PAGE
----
80. Wrong colors - "Paul is dead"

With the last track on their first album Monarchy and Everyday Life, Fehlfarben put the rules of punk out of action. The clock is ticking while the lament "Paul is dead" is played for eight minutes, after which German pop music will be different. Melancholy sets the pace, ominous synthesizer formations envelop Peter Hein's vocals, who never again formulates directly what a whole generation might feel: “I can't get what I want / I don't like what I can have . "

79. Neil Young - "Heart Of Gold"

Bob Dylan once said that he hated "Heart Of Gold". He was in agreement with all Neil Young fans back then, who suddenly had to share their hero with the mainstream. In fact, what happened was what was overdue: Young, who had always been inclined to the well-kept lard, reached deeper into the kitsch box - and struck gold. How great the song is in all its simplicity was proven by Boney M. in 1978 when they couldn't break it.

78. Leonard Cohen - "Famous Blue Raincoat"

Leonard Cohen, a poet by nature, is said to have written 80 verses for this, written by the way in a verse footer called Amphibrachys, which was already rare in antiquity and which suited Cohen's elegant spoken chant. The narrator lives in New York, where it's cold, “but I like where I'm living”, while the woman he sings to has built herself “a little house in the desert”. Distance becomes tangible, spatially and temporally. Your famous blue raincoat, it was torn at the shoulder long ago ...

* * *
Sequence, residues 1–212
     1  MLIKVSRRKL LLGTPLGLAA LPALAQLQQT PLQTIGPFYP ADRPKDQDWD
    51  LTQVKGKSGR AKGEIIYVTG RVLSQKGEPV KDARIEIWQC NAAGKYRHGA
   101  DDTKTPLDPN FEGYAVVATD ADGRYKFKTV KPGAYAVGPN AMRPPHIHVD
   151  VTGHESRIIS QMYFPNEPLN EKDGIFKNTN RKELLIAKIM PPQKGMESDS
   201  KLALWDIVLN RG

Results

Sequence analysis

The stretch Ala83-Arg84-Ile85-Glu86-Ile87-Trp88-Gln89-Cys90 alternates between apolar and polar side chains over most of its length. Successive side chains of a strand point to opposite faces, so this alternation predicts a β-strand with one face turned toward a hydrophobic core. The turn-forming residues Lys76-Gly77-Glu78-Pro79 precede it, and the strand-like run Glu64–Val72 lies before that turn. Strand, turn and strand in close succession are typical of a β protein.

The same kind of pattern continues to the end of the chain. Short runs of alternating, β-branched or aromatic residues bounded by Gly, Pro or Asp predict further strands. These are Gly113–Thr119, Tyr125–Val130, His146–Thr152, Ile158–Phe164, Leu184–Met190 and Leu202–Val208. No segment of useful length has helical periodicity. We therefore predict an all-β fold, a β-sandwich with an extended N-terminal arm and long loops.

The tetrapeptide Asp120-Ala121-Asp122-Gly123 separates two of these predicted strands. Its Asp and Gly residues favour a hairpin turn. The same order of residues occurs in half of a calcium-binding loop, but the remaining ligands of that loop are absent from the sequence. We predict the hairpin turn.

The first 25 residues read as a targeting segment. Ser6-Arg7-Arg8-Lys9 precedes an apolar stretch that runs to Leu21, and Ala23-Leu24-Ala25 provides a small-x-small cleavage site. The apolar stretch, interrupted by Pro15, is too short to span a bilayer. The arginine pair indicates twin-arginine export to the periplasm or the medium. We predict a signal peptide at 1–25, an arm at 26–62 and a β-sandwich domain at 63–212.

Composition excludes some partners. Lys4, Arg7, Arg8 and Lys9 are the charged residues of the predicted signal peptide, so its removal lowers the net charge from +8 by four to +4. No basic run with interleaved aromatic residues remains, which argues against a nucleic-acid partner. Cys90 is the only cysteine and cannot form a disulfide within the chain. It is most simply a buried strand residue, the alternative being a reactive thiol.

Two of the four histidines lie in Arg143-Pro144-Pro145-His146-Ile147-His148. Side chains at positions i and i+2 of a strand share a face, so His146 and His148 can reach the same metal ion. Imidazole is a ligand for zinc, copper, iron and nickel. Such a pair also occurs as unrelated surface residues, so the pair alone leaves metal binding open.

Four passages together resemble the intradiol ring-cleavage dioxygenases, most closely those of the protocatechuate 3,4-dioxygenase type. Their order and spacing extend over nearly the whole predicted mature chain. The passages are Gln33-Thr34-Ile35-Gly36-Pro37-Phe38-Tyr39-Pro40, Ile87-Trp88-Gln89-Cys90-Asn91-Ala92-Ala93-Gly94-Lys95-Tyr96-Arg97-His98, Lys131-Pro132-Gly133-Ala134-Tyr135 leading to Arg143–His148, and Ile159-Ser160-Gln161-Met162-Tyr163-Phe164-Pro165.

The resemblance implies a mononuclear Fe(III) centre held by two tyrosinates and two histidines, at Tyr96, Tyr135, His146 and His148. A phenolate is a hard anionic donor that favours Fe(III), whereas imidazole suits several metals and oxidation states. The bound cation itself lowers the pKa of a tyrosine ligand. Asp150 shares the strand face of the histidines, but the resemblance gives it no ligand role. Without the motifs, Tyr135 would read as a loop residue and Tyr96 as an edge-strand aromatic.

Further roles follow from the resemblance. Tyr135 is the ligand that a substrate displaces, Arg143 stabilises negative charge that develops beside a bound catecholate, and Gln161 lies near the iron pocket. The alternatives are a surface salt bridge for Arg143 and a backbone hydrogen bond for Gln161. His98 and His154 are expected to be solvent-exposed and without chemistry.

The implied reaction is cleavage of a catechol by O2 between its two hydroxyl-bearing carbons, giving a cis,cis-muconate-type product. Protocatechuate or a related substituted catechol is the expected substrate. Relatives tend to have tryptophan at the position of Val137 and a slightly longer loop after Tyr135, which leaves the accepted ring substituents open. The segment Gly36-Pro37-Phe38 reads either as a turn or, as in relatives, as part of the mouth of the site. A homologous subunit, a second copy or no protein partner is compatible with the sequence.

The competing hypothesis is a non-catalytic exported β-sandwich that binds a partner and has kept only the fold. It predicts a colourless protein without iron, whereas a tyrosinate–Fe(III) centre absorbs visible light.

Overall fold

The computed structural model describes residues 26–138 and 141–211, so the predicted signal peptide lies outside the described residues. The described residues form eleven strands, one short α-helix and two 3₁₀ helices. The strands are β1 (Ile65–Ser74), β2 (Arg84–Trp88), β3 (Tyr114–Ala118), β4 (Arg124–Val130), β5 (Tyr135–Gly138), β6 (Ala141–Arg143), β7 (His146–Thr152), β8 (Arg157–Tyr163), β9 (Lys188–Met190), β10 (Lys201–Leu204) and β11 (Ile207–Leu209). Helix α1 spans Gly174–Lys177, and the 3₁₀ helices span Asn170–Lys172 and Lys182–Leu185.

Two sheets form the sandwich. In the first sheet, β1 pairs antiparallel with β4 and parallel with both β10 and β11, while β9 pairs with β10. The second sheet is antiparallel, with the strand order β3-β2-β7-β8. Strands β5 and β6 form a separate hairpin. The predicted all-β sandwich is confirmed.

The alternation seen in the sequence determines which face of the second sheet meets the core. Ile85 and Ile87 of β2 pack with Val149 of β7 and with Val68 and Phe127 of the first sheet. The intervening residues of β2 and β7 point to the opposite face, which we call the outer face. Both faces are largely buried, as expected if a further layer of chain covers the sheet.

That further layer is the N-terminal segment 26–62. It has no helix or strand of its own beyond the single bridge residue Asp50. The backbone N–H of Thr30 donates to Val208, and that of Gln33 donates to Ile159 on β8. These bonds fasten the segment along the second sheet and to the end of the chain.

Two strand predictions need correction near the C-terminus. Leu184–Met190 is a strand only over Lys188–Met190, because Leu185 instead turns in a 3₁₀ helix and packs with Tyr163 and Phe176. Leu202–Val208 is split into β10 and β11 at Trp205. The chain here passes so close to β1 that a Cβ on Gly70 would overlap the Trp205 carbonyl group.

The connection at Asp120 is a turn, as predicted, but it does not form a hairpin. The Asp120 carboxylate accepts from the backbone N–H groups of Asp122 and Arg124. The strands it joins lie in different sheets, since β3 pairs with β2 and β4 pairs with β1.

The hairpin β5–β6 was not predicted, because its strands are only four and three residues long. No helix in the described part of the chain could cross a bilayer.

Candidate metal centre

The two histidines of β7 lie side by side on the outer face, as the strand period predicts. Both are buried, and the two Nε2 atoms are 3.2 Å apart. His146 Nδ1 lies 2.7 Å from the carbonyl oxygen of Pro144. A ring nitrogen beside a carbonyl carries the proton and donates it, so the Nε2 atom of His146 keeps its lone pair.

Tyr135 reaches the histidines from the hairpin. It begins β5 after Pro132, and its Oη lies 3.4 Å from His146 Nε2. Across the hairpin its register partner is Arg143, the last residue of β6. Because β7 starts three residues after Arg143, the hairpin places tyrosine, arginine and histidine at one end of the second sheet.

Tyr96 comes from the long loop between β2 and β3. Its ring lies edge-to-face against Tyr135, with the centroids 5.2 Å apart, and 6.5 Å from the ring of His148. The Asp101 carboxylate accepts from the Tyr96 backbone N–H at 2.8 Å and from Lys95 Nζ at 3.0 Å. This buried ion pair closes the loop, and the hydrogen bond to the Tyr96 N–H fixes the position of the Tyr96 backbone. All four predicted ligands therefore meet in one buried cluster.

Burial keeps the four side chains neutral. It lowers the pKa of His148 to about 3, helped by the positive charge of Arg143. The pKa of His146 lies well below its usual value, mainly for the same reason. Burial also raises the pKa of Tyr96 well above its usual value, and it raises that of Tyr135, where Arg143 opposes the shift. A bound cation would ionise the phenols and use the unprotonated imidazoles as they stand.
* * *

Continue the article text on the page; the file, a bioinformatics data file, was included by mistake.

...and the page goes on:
77. Prefab Sprout - "Bonny"

Paddy McAloon's great talent is to use his songs to express moods for which there are no full sentences. “Bonny” is not a story either, but lives from fragments. The protagonist misses this Bonny, although there was an argument: "Shaded feelings, don't believe you". Now he's gone, and the only thing left are the flowers for the funeral. The wonderful thing: You don't know until the end whether the song makes you happy or sad. The production by Thomas Dolby is also ingenious, a genius in the mid-1980s when it came to teaching white bread a kind of synthetic funk without diluting their feel for pop melodies.

76. The Kingsmen - "Louie Louie"

A major, D major and E minor - even non-guitarists can do this in one afternoon, as long as their fingers are complete. Which explains the success of this three-chord wonder, which has been one of the standards of countless amateur bands since the 1960s. The song was written in 1955, there were all sorts of rock and Latin pop versions circulating, but the wonderfully bumpy and muddled recording of the Kingsmen from Portland / Oregon made the race and marked the birth of garage rock.